We review the good (and bad) releases of July — Sam Rui, Obedient Wives Club, O$P$, M1LDL1FE and more

We review the good (and bad) releases of July — Sam Rui, Obedient Wives Club, O$P$, M1LDL1FE and more

July offered a wealth of releases from Singapore and beyond, and the genre range is something we didn't notice until we took a step back — from Geylang crunk to bedroom R&B, dream pop and thrash metal, here are some interesting releases from the past month.

You can also stream the various releases with the provided links. Your playlist for the week is sorted!

CINEMATICA | Obedient Wives Club

Genre: Indie pop
Release date: July 14th


It wouldn’t necessarily be right to call the new Obedient Wives Club EP happy – but considering how fuzzy, bleak and reverb-filled their previous releases have been, Cinematica sounds downright joyful. The vocals have been brought to the forefront, orchestral touches of glockenspiel and strings have been added, and there is a slight decrease of general fuzziness – as if someone just banged on the jukebox, making the lovelorn tunes a little bit clearer to hear.

If there is a flaw to Obedient Wives Club’s approach to songwriting, it is that they can sound like a pastiche of a pastiche: they ape bands like The Raveonettes, Tennis, and Dum Dum Girls, bands who, in turn, ape 1960s girl groups like The Supremes, The Ronettes and The Crystals. As a result, they do tend to become twice removed from an original sound – without adding much of a spin of their own.

While a more original take on the 60s sound would be very welcome in the band’s future, it’s hard to argue with the results when the individual songs are as good as they are on Cinematica. 'Baby Bye Bye' is an incredibly charming take on the girl group formula of “heartbroken lyrics with a chipper melody”. 'Factory Girl' is all hazy, smoky Julee Cruise roadhouse performance until it breaks off into an extended, mesmerizing outro of twinkling guitar. And closer 'All That Remains' takes a turn towards dejected pop-punk with some surprising speed changes along the way – putting the grrl in girl group.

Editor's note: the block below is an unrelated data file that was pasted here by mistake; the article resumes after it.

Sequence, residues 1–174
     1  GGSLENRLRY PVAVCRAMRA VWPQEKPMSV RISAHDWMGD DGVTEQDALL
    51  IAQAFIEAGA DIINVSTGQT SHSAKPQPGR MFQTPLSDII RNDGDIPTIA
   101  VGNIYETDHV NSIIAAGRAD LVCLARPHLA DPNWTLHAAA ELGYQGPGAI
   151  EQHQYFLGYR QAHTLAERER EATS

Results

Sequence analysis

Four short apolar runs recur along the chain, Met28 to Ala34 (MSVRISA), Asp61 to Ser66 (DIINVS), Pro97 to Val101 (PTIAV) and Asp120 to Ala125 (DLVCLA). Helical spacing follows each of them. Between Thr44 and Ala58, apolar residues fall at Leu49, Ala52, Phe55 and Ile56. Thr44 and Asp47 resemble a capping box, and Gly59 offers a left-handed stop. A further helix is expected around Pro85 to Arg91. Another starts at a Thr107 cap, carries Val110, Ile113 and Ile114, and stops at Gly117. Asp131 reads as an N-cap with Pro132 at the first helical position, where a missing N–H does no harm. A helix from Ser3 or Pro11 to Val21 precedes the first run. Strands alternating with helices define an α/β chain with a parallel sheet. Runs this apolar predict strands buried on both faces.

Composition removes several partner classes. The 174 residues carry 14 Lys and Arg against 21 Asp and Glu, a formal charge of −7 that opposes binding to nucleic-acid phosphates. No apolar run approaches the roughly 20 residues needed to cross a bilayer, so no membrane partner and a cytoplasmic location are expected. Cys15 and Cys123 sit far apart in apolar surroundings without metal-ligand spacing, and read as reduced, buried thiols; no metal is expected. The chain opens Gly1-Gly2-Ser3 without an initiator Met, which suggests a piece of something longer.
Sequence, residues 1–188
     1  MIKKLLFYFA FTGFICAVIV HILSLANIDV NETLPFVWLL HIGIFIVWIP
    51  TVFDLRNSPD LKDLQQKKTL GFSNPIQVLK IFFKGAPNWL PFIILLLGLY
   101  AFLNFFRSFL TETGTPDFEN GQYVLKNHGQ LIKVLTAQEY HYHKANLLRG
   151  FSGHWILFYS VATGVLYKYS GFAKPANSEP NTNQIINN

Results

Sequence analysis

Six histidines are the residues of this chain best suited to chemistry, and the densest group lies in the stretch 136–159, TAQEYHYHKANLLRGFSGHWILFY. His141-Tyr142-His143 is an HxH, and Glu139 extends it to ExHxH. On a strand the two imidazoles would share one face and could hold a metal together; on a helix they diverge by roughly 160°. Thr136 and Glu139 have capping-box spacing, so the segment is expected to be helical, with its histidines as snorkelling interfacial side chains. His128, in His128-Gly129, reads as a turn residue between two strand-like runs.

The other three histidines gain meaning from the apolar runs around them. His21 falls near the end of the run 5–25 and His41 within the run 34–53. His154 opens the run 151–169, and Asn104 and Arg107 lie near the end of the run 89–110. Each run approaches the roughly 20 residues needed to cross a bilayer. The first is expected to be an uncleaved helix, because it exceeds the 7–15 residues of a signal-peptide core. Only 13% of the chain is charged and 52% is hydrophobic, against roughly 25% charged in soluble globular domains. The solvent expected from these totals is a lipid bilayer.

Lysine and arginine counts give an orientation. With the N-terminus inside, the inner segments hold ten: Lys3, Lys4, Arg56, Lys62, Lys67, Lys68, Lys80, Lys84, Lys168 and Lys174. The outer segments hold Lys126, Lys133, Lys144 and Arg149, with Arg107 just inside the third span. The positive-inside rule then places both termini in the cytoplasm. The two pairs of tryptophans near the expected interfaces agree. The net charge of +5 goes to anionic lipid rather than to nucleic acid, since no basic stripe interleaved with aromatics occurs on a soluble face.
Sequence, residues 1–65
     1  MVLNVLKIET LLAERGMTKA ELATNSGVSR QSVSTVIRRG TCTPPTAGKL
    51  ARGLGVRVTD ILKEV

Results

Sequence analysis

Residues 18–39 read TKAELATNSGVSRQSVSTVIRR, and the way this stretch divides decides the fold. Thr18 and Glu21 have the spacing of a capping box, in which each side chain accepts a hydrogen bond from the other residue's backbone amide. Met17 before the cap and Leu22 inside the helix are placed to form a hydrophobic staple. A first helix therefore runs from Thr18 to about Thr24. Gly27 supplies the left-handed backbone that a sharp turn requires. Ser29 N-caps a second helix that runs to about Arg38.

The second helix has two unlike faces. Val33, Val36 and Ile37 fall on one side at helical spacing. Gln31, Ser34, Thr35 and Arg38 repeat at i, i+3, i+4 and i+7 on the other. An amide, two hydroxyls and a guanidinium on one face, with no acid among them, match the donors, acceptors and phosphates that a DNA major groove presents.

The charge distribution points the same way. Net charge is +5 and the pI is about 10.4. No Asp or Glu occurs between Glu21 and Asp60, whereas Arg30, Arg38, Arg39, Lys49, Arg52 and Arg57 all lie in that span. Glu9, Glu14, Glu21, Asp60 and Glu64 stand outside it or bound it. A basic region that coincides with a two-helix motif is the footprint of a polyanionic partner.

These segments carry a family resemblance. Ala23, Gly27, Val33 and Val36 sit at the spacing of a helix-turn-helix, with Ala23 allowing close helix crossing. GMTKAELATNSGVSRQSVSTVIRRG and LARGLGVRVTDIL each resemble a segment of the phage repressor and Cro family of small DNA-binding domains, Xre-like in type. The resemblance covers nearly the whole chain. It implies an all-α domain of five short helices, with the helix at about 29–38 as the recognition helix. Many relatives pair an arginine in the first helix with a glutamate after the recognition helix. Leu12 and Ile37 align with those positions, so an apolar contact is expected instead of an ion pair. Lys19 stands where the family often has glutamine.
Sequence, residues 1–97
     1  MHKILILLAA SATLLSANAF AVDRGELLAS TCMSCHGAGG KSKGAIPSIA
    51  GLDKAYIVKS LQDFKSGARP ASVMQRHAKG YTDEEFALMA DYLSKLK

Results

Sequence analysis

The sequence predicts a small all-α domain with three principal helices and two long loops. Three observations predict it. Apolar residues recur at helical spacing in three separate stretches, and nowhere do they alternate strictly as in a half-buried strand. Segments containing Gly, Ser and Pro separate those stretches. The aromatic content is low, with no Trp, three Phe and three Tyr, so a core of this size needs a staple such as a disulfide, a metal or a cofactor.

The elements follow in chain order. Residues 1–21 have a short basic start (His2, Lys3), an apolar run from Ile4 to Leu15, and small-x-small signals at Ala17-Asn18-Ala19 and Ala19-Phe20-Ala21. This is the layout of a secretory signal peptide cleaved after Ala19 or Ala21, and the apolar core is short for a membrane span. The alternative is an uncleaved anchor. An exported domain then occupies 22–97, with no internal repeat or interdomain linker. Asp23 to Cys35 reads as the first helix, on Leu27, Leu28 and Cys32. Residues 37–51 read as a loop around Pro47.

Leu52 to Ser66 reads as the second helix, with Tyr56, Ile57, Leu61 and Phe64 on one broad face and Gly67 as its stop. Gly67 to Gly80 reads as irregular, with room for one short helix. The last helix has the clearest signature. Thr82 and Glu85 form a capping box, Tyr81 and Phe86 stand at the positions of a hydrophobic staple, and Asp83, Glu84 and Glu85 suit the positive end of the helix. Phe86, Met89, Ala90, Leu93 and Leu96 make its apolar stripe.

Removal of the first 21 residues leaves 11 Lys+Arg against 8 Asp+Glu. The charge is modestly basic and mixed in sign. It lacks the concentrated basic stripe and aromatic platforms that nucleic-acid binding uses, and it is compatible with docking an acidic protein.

Cinematica is an incredibly exciting step for Obedient Wives Club to take. It bears with it a promise of great things ahead — if they dare add a few more tweaks to their formula to make them stand out against their more obvious inspirations. — Mads K. Bækkevold

Rating: 8/10

Stream the release here.


Genre: R&B, electropop
Release date: June 30th

Previously on Sam Rui Season 1, the talented singer-songwriter totally revamped her style last year — going from her folk and indie-pop into an invigorating alt-R&B direction. Back by a string of stunning, sensual releases, the burgeoning starlet was invited to perform at Laneway Festival Singapore to much fanfare.

Eager to move on to the next level, Sam Rui has unveiled her much-hyped debut album, aptly entitled Season 2. Not only is it a culmination of the great work she's done in the past year, it also presents fans with a confident look at her creative future. Although half the LP is made up of popular past releases such as 'Down' (featuring FAUXE), 'Better', 'Solid Gold' and a couple of others, this is far from a re-thread.

Instead, her intimate confessionals are now given more cohesive context. As many know from her singles, Sam Rui isn't afraid to display romantic vulnerability, resentment, but this 10-track effort coalesces all those diaristic tales of heartbreak into a sound that full-bodied and full of promise. Producer GROSSE is an emboldening key to her yearning narrative, while guest star omarKENOBI is a fantastic addition on the album's standout track 'Let's Get Coffee'. — Hidzir Junaini

Rating: 7/10

Stream the release here.


Genre: Indie rock
Release date: July 28th

M1LDL1FE's debut EP comes as a brand new start for a band looking to break new ground for themselves. On that merit alone, this self-titled EP succeeds.

The band’s focus on swirling textures and heightening production bodes well for headphone listening — on all fronts, the former members of Take Two have stepped up, and the EP has ended up an aural treat. For a band whose first EP suffered from bland execution, they're taking this new lease of life with considerable vitality.

Lyrically, the band remains lacking — the two-parter ‘Back Door’ is noticeably epic, but the refrain “I just want you to want me” does little else than to tamper the song’s soaring conclusion. ‘How You Forget’ serves as the EP’s final track, but also its best: all the elements that the band toy with come together incredibly neatly, and it’s as concise and adventurous you can expect from this band at such an early stage.

M1LDL1FE's low points are worth overlooking in light of its strongest qualities, and you may just take something away from this promising debut. — Daniel Peters

Rating: 7/10

Stream the release here.

Songs of Summer | Amberhill

Genre: Dream pop, indie rock
Release date: June 30th

Songs of Summer, the debut EP of the musical collective Amberhill, is an incredibly promising effort. Swirls of keys and synths phase in and out of the ringing, delayed-laced guitars and floaty contemplative vocals, anchored by a tastefully energetic rhythm section. Pastoral whimsies about beauty and nature, about "purple mornings, orange kissed skies", interweave with vague narratives of love and loss.